NMB: Death of the CD

This is the first in a series of article about The New Music Business.

To get us started on this topic of The New Music Business I’d thought we talk about an article that appeared in the New York Times a couple days ago titled, The Album, a Commodity in Disfavor. It’s the story of a Rap/R&B trio that recently signed a “record” contract for two songs. You read that right. They aren’t recording an album, just two songs. Why?

Only true fans are buying full albums. Most people don’t really do that anymore.

The article goes on to say that consumers who purchase music digitally (i.e. downloads) are buying way more individual tracks than they are whole albums. The margin is 19 to 1. Even if you consider that a whole album download contains 10-12 songs, there are still more tracks purchased individually than there are corporately, in the digital download market.

To be fair we must admit that physical CD sales still outweigh download sales. But for how long? We recently reported that CD sales, which have been steadily declining for the last seven years, dropped by 20% the first quarter of this year, while sales of digital tracks have increased by 16 percent during the same time period.

Paul Resnikoff, editor of Digital Music News gives his explanation for why the trend will continue.

The reason is that consumer behavior has changed fundamentally over the past few years. The album purchase is now entirely optional, and usually exercised for a small group of highly-esteemed artists. Anything less than top-shelf is passed over, at least in quantities greater than one song.

Here’s another story on the topic over at the Wired magazine blog. It appears some people are skeptical about the imminent demise of the compact disc.

Will the CD go away anytime soon? Probably not. The best selling CD of all time continues to sell in record quantities. Of course I’m talking about the blank CD consumers purchase to burn copies of music they’ve downloaded. The CD as a format is here to stay, for a while yet. Eventually though, it will be gone. Consumers, like myself, will listen to music on their iPod, or other listening device, and CDs will be big bulky relics of the past.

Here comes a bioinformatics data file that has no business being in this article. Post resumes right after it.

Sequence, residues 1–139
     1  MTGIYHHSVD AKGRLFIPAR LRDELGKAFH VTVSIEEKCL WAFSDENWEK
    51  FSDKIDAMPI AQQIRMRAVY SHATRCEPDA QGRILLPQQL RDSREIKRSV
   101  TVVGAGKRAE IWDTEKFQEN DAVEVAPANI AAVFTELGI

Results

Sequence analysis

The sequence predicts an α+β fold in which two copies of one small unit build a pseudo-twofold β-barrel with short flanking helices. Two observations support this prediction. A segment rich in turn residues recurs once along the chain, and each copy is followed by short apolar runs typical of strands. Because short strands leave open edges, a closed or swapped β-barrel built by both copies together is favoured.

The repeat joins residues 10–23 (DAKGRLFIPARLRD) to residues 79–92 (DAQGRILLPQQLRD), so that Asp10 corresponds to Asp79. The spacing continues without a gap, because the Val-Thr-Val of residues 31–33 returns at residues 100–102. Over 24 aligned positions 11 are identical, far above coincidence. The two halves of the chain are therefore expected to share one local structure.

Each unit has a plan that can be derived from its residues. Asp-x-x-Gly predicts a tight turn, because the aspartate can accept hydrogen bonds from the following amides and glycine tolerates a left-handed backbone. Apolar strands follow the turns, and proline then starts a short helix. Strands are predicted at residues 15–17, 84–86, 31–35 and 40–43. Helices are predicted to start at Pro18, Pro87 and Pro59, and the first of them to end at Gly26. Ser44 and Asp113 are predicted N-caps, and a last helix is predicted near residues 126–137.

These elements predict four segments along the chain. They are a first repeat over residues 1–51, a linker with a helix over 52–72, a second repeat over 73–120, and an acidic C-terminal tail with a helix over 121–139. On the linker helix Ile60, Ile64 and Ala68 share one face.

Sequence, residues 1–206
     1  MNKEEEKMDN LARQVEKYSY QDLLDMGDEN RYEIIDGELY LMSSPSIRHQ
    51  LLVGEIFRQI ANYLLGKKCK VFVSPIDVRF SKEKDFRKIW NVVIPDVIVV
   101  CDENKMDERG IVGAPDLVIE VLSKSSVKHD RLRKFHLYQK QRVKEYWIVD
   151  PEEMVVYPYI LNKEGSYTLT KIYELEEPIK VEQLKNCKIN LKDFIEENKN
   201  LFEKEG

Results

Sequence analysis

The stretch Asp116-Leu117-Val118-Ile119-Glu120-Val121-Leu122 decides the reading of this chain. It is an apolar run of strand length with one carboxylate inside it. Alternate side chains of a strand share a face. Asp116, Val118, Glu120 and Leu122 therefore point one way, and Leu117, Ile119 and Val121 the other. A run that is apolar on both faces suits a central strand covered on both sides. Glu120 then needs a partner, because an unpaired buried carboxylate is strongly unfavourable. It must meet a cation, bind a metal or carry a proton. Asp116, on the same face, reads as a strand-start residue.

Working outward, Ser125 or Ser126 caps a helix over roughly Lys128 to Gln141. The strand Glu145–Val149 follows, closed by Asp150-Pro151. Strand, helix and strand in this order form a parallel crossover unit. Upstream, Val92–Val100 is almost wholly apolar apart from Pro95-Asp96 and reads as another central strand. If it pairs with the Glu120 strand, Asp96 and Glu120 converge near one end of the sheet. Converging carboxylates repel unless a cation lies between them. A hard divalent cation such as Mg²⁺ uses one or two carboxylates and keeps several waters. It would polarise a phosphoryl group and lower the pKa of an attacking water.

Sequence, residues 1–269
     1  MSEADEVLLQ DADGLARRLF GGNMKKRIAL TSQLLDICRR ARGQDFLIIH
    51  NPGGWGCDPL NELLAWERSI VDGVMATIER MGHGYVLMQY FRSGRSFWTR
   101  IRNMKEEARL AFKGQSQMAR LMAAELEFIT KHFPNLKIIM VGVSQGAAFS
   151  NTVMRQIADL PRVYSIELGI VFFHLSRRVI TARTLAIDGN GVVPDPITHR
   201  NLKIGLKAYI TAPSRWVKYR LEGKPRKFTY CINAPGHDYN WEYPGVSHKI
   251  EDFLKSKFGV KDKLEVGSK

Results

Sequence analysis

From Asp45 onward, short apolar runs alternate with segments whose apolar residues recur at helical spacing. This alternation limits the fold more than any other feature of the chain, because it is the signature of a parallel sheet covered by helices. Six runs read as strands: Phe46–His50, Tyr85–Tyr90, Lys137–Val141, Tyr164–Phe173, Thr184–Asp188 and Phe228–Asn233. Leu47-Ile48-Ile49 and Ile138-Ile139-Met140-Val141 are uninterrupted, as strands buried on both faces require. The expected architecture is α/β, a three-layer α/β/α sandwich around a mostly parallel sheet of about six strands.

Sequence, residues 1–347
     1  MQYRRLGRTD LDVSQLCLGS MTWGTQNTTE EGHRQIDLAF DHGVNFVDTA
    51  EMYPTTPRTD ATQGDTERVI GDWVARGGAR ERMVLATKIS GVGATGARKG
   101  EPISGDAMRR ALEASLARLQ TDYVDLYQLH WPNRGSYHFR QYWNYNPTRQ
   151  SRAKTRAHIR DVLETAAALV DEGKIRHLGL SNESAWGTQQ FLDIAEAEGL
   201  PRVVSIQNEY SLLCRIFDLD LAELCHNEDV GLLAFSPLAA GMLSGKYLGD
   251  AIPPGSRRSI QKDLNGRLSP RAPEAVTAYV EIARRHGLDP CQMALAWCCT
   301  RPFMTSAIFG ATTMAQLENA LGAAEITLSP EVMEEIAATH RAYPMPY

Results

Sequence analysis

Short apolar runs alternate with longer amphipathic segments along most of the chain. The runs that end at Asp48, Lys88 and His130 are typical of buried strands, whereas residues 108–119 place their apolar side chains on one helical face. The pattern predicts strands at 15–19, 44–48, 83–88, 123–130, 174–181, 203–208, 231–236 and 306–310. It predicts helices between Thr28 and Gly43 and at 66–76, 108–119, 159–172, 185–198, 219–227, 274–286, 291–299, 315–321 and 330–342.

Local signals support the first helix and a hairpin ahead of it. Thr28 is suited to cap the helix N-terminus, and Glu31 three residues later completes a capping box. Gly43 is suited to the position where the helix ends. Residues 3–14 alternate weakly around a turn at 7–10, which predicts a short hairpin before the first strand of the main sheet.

Artists will have to find a new means of delivering music to fans at the show to capture those impulse buys that occur after a live performance. It could take the form of personal consumer devises with internet access and downloading capability, much like Apple’s soon to be released iPhone. Consumers could then be at the show and just download the songs they like from the band’s set list.

A scenario like that results in no physical CD for the band to pack along on the road, but also results in a loss of revenue since the band is not reaping the reward of retail sales themselves. One solution to that problem is that the band could sell the downloads directly off their own website, providing they own their music, or can work out a deal with their label.

Lonesome River Band is an example of a bluegrass band that is selling direct downloads on newer catalog recordings (back catalog stuff is still under label contract and unavailable for download from the band). The only question left, is will a devise like the iPhone allow the consumer to download from any web location or only from the provider’s point of sale. At this point it looks like the iPhone will be closely tied to the iTunes store, but the future changes a lot of things.

  • Speaking for me, I love my iPod and the convenience it provides, but I love CDs and I will continue to buy them until I can’t any longer. It might have something to do with the thrill of the chase when trying to find that hard to find release; the Internet can kill that feeling at least when you can open a site and get any song/album digitally.

    As far as the group being signed for just two songs, I welcome that change, or should I say regression. Up until the early 90s many country labels signed artists on a singles basis. It makes sense to me, especially with the Digital Age, to sign an unproven act (especially a rap/hip-hop/pop act where they don’t have as many opportunities for live shows as indies to build a following) to do a couple of singles and see if they can sell before producing a full album, which often contains only two good songs anyway in many cases.

    Granted in the early days the only reason many acts were signed to singles deals was because the LP wasn’t as prevalent or in its early stages. It can also be said that many bands in the 60s and 70s were signed to album deals when they didn’t have enough good material to warrant it, then when the album tanked, they were cut. So I welcome the return of singles in that regard.

  • Ran across this Op-Ed piece in the NY Times: http://www.nytimes.com/2007/04/05/opinion/05sachsnunziato.html?pagewanted=1&ei=5087&em&en=847c0199941e74fe&ex=1176004800

    It’s written by two guys that owned an independent music store and has an interesting perspective.